|Title||X-ray Observations of a SZ Discovered Cluster at z = 1.47|
|Author||Dr Bradford Benson|
|Description||We propose to use XMM-Newton to observe an exceptional cluster at z = 1.47 discovered via the Sunyaev-Zel.dovich (SZ) effect by the South Pole Telescope (SPT). The cluster, SPT-CL J2040-4451, is the highest redshift cluster yet discovered by SPT, with a spectroscopic redshift of z=1.47. We predict that SPT-CL J2040-4451 has a mass of 5.6e14 Msun, an X-ray temperature of 6.0 keV, and an X-ray luminosity of 11e44 ergs-s. These properties would place SPT-CL J2040-4451 amongst the most massive known clusters at z > 1.4, and an important system to study the earliest forming massive clusters. We are requesting a 75 ksec observation with XMM-Newton; enough to obtain 2000 X-ray photons, and measure an X-ray luminosity and temperature of this young massive cluster.|
|Publication||The Million Optical - Radio-X-ray Associations (MORX) Catalogue . Flesch, Eric W., . PASA . 33-52 . 2016 . 2016PASA...33...52F ,
X-Ray Properties of SPT-selected Galaxy Clusters at 0.2 < z < 1.5 Observed with XMM-Newton . Bulbul, Esra, Chiu, I.-Non, et all. . ApJ . 871-50 . 2019 . 2019ApJ...871...50B ,
Mass calibration of the CODEX cluster sample using SPIDERS spectroscopy - II. The X-ray luminosity-mass relation . Capasso, R., Mohr, J. J., et all. . MNRAS . 494-2736 . 2020 . 2020MNRAS.494.2736C ,
Constraining radio mode feedback in galaxy clusters with the cluster radio AGNs properties to z u223c 1 . Gupta, N., Pannella, M., et all. . MNRAS . 494-1705 . 2020 . 2020MNRAS.494.1705G ,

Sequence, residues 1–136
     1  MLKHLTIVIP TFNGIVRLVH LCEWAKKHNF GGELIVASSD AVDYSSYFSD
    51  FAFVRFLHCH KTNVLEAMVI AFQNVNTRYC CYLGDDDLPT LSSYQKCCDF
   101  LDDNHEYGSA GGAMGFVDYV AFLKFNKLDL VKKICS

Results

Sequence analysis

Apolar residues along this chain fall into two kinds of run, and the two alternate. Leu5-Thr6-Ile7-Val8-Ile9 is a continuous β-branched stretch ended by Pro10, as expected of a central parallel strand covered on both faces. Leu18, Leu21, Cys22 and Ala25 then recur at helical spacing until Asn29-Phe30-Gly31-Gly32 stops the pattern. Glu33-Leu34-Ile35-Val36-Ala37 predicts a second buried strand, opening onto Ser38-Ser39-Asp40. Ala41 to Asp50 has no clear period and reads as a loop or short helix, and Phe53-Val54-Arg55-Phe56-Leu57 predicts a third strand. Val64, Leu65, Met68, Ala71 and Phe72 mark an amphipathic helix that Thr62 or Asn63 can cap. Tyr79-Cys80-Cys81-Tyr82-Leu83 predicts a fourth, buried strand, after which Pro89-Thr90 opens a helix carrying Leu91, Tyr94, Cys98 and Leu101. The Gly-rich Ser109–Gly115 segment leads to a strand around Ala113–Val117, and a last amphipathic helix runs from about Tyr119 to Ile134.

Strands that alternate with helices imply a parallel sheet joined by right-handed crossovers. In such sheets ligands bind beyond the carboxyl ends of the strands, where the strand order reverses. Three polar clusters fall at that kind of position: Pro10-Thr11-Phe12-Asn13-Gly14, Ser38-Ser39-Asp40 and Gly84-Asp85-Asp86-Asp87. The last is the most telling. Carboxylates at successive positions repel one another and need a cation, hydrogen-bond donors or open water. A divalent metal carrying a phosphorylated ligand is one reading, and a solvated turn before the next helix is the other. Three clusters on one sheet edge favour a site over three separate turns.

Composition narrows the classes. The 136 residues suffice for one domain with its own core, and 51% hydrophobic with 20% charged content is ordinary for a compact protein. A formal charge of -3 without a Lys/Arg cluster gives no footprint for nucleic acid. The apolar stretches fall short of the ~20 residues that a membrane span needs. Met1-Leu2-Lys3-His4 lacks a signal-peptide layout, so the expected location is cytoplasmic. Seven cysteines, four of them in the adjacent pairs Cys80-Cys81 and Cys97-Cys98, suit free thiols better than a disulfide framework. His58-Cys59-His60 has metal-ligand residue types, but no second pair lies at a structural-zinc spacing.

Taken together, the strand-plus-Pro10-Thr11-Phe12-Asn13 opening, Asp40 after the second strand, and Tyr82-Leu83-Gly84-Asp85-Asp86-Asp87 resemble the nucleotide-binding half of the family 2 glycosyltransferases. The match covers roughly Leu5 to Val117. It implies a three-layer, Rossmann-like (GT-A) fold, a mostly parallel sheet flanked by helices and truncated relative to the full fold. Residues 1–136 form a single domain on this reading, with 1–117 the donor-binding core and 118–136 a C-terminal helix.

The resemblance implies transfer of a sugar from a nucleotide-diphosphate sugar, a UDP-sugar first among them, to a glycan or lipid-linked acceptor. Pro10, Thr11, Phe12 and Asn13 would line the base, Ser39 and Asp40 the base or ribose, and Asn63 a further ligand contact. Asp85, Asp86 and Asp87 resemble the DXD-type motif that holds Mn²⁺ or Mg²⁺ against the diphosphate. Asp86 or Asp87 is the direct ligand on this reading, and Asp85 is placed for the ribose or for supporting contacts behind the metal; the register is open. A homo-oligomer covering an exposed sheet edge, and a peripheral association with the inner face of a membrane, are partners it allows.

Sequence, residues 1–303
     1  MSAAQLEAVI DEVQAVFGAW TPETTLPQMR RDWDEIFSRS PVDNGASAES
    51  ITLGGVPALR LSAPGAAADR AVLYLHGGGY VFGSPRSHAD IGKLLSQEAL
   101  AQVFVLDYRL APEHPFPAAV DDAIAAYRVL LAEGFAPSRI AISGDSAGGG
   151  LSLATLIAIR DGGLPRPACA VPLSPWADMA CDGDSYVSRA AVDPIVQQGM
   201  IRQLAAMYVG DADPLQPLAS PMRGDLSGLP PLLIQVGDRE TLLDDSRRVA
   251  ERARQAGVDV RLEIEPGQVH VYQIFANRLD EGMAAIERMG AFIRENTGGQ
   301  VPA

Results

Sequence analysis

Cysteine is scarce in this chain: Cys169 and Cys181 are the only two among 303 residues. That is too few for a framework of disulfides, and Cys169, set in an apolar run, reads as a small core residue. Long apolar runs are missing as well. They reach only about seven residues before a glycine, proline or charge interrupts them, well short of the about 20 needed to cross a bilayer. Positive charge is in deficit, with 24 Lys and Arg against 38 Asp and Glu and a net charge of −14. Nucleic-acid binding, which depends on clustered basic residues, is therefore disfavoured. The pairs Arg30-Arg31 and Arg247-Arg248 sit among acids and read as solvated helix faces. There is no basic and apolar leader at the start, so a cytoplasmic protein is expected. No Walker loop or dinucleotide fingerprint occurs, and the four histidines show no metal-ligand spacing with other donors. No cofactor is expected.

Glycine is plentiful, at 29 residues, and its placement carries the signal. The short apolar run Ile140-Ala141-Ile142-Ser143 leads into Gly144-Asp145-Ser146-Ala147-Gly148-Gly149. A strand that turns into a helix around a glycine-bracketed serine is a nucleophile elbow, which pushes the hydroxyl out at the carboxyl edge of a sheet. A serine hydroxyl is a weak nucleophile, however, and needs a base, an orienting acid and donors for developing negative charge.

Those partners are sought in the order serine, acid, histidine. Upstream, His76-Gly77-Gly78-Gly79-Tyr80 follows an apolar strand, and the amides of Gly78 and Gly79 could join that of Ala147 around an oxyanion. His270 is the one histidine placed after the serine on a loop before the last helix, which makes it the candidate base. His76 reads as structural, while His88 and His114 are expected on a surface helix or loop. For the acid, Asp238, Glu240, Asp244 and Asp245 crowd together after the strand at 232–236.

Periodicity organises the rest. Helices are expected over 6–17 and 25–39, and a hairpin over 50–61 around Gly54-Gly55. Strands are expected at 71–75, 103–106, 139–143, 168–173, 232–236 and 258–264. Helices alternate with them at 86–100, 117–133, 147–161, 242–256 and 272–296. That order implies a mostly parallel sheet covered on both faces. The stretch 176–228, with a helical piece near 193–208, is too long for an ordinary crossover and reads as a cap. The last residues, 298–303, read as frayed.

|Instrument||EMOS1, EMOS2, EPN, OM, RGS1, RGS2|
|Mission Description||The European Space Agency's (ESA) X-ray Multi-Mirror Mission (XMM-Newton) was launched by an Ariane 504 on December 10th 1999. XMM-Newton is ESA's second cornerstone of the Horizon 2000 Science Programme. It carries 3 high throughput X-ray telescopes with an unprecedented effective area, and an optical monitor, the first flown on a X-ray observatory. The large collecting area and ability to make long uninterrupted exposures provide highly sensitive observations.
Since Earth's atmosphere blocks out all X-rays, only a telescope in space can detect and study celestial X-ray sources. The XMM-Newton mission is helping scientists to solve a number of cosmic mysteries, ranging from the enigmatic black holes to the origins of the Universe itself. Observing time on XMM-Newton is being made available to the scientific community, applying for observational periods on a competitive basis.
|Publisher And Registrant||European Space Agency|
|Credit Guidelines||European Space Agency, 2014-10-19T00:00:00Z, 072329, 17.56_20190403_1200. https://doi.org/10.5270/esa-f30x65k|